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Regional economic forecasts 2018

In 2018, significant growth is expected in global economies, particularly emerging ones.

The acceleration in developing countries, which resumed in 2017, will continue in the new year, reaching growth of 4.8%, as we can see in the graph below.

Selected regions and countries: gross domestic product growth, 2016-2018

Source: Economic Commission for Latin America and the Caribbean (ECLAC).

The explanatory factors for the expansion of the economies of Latin American and Caribbean countries in 2018 are the increase in exports and the value of common goods prices.

In 2017 we observed a 13% increase in the prices of common goods, and it is expected that they will remain that way in 2018. If this happens, prices will be more favorable than in previous years.

Furthermore, Latin America and the Caribbean will continue to benefit from low international interest rates, reduced financial volatility and reduced risk perceptions. All of this represents a significant advantage in the growth of these countries’ economies.

Although growth rates still remain below the levels reached before the great financial crisis, as the world economy develops, global trade volumes also strengthen.

Latin America and the Caribbean (selected countries and country groupings): variation in the terms of trade, 2015-2017

Source: Economic Commission for Latin America and the Caribbean (ECLAC).

The Trade Balance will change positively due to the strengthening of exports. In this sense, regardless of whether imports increased by 4% in 2017, in Latin America, this value was fully offset by exports, which grew by around 11%, due to the increase in the prices of common goods, and the recovery not only of economic activity, but also trade at both a global and intra-regional level. All countries in the region will see their exports increase. The most visible increase will be that of Brazil, which will increase its exports by around 17%.

Latin America (selected countries and groupings): projected variation in goods exports, by volume and price, 2017

Source: Economic Commission for Latin America and the Caribbean (ECLAC).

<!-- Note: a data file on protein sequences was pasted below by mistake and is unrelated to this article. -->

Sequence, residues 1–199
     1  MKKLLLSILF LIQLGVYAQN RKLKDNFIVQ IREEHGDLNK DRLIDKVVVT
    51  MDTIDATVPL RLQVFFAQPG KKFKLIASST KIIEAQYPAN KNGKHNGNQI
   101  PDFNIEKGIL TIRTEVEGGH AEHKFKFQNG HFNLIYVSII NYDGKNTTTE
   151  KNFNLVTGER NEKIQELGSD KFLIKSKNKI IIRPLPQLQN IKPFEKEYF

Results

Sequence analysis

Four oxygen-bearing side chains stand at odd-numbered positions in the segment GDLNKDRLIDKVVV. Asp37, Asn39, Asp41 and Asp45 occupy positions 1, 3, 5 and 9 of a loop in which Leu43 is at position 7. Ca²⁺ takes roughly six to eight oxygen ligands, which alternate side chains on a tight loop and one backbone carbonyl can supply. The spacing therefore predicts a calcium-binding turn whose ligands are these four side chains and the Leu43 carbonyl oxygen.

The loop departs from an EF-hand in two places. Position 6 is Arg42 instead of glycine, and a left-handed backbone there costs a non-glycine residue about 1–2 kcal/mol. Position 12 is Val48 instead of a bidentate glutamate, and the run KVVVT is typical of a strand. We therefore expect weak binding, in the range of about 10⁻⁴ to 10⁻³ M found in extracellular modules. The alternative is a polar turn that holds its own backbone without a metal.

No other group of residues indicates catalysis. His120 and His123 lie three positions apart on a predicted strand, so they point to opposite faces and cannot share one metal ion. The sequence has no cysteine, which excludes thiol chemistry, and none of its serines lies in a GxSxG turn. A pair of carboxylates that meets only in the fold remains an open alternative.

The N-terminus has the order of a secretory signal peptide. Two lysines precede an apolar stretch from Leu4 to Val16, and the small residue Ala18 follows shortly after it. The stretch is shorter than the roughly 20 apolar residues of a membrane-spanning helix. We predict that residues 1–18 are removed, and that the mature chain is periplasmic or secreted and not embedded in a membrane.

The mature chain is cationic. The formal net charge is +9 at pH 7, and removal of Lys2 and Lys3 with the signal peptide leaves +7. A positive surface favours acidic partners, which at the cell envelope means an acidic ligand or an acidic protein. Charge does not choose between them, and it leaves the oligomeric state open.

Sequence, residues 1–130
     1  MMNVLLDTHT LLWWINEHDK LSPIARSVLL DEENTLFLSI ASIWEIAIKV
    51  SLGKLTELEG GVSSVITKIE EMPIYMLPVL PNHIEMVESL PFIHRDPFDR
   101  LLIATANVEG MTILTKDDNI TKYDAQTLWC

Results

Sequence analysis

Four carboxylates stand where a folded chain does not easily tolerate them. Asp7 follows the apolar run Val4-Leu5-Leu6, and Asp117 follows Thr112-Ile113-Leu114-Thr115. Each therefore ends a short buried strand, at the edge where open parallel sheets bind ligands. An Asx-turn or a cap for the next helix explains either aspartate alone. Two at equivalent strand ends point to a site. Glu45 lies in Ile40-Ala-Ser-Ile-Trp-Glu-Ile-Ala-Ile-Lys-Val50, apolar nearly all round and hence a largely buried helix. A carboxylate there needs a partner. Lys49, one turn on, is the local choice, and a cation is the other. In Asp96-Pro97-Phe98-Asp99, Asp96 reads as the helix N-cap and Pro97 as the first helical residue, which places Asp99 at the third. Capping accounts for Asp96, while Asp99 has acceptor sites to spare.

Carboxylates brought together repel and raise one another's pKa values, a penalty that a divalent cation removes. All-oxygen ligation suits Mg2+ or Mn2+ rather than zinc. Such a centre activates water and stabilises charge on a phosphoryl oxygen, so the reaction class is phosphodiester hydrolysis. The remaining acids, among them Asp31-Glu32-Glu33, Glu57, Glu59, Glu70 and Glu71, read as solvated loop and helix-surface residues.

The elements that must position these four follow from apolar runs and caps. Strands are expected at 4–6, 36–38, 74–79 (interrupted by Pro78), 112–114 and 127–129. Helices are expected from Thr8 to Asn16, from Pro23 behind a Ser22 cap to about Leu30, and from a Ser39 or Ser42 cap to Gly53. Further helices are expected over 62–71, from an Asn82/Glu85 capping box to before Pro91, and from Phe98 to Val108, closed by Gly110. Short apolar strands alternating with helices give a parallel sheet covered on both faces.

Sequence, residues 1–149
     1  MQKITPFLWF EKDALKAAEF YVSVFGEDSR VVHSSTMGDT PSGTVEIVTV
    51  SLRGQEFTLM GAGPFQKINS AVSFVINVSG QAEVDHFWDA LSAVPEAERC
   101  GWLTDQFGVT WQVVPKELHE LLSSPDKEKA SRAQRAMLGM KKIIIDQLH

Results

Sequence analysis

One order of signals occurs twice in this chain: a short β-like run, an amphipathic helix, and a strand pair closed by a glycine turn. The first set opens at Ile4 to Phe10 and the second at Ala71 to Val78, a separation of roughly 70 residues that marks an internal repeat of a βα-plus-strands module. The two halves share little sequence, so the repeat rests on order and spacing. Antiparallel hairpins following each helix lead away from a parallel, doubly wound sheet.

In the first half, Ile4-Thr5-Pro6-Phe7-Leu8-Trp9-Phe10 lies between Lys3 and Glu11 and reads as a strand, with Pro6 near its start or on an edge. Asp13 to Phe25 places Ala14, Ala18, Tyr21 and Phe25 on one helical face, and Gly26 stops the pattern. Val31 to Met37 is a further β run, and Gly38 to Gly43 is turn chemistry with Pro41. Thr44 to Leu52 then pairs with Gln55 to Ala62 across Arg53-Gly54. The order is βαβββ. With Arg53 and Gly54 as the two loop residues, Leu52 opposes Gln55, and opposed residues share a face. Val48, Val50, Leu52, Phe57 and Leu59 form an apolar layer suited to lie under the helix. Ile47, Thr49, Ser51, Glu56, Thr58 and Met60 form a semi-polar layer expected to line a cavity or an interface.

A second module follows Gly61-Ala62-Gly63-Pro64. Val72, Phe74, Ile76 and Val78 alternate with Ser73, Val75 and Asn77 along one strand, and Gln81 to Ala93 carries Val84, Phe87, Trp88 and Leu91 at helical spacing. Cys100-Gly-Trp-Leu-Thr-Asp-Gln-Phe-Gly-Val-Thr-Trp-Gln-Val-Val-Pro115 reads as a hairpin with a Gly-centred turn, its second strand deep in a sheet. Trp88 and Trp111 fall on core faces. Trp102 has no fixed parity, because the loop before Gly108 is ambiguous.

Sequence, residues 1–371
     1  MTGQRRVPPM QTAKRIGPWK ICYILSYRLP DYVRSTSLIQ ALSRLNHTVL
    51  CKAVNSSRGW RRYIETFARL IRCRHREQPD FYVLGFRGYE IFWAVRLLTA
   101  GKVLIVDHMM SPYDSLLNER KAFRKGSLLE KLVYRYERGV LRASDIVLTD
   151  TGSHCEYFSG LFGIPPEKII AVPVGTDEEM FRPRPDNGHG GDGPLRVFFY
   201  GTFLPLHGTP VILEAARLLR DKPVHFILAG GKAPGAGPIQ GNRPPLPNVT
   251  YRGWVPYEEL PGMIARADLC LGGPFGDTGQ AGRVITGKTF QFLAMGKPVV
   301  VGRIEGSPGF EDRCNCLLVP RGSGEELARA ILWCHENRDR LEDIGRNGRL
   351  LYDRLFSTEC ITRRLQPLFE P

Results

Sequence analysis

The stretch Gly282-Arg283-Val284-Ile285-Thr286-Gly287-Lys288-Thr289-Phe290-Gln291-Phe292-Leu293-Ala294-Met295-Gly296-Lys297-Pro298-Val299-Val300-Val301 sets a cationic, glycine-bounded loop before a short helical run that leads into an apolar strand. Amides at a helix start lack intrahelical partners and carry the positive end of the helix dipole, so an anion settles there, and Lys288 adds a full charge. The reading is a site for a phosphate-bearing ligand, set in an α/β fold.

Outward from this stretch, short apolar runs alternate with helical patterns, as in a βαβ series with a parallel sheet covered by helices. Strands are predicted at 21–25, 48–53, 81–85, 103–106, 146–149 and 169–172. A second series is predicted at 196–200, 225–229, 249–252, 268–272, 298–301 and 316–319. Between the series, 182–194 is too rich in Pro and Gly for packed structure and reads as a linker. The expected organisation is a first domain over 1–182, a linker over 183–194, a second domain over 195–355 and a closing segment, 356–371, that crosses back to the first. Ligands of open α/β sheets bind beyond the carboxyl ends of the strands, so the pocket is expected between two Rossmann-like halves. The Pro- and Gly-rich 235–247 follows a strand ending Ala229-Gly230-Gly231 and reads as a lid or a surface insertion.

After two years of economic slowdown, the economies of South American countries will grow by around 0.8%. In the Latin American economies as a whole, for Cuba, the Dominican Republic and Haiti, a growth rate of 3.3% is expected this year.

With regard to English- and Dutch-speaking countries in the Caribbean, they indicate average growth rates of 0.1% in 2017, a fact that reflects the damage caused by hurricanes Irma and Maria in some countries in the region.

Even though there is general economic growth in the region’s countries, the unemployment rate will increase from 8.9% in 2016 to 9.4% in 2018. It is in urban areas that this figure worsens most. This factor is explained by the simultaneous decrease in job offers and an increase in the number of people looking for work (participation rate).

Given that salaried employment is characterized by higher levels of quality than other categories of employment, the average quality of employment has deteriorated further in the region.

Urban participation, employment and unemployment rates, rolling years

Source: Economic Commission for Latin America and the Caribbean (ECLAC).

It is also expected that in 2018 international interest rates will remain low. This will create an excellent opportunity for Latin American and Caribbean countries to increase their economic policy space in order to sustain the expansionary phase of economic growth.

Economic activity is clearly expanding. Therefore, the prospects are for positive GDP growth in the region, which began in 2017 and will continue in 2018.

Latin America: GDP growth rates and contribution by expenditure components to growth, first quarter of 2013-third quarter of 2017

Source: Economic Commission for Latin America and the Caribbean (ECLAC), on the basis of official figures.

It is estimated that in 2018, the GDP rate of Latin America and the Caribbean will increase by 2.2%, which is a substantially high increase compared to 2017 (1.3%). Furthermore, economic activity is expected to strengthen in a group of Latin American and Caribbean countries, including Chile (2.8%), Colombia (2.6%) and Peru (3.5%). Panama will be the Latin American country with the highest growth rate (5.5%), followed by the Dominican Republic (5.1%) and Nicaragua (5.0%).

With the exception of Cuba (1.0%), Ecuador (1.3%) and Venezuela (-5.5%), all Latin American economies will expand between 2% and 4% in 2018.